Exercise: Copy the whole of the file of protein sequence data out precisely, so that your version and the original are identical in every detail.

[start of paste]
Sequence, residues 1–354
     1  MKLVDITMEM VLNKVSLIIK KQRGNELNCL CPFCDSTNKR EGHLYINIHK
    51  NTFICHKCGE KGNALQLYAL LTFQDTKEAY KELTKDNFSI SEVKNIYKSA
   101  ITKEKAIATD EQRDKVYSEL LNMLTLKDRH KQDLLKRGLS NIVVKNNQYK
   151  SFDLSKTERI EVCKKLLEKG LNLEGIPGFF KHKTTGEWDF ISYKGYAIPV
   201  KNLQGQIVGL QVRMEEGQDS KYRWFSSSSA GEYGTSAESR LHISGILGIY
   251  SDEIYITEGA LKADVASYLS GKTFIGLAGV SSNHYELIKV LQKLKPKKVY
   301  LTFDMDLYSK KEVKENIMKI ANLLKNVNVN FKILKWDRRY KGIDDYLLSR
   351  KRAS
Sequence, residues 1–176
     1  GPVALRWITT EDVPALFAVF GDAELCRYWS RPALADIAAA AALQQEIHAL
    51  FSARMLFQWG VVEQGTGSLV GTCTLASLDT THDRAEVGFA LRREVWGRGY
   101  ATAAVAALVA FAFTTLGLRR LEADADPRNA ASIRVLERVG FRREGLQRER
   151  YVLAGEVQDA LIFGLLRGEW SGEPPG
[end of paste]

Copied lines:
Sequence, residues 1–354
     1  MKLVDITMEM VLNKVSLIIK KQRGNELNCL CPFCDSTNKR EGHLYINIHK
    51  NTFICHKCGE KGNALQLYAL LTFQDTKEAY KELTKDNFSI SEVKNIYKSA
   101  ITKEKAIATD EQRDKVYSEL LNMLTLKDRH KQDLLKRGLS NIVVKNNQYK
   151  SFDLSKTERI EVCKKLLEKG LNLEGIPGFF KHKTTGEWDF ISYKGYAIPV
   201  KNLQGQIVGL QVRMEEGQDS KYRWFSSSSA GEYGTSAESR LHISGILGIY
   251  SDEIYITEGA LKADVASYLS GKTFIGLAGV SSNHYELIKV LQKLKPKKVY
   301  LTFDMDLYSK KEVKENIMKI ANLLKNVNVN FKILKWDRRY KGIDDYLLSR
   351  KRAS
Sequence, residues 1–176
     1  GPVALRWITT EDVPALFAVF GDAELCRYWS RPALADIAAA AALQQEIHAL
    51  FSARMLFQWG VVEQGTGSLV GTCTLASLDT THDRAEVGFA LRREVWGRGY
   101  ATAAVAALVA FAFTTLGLRR LEADADPRNA ASIRVLERVG FRREGLQRER
   151  YVLAGEVQDA LIFGLLRGEW SGEPPG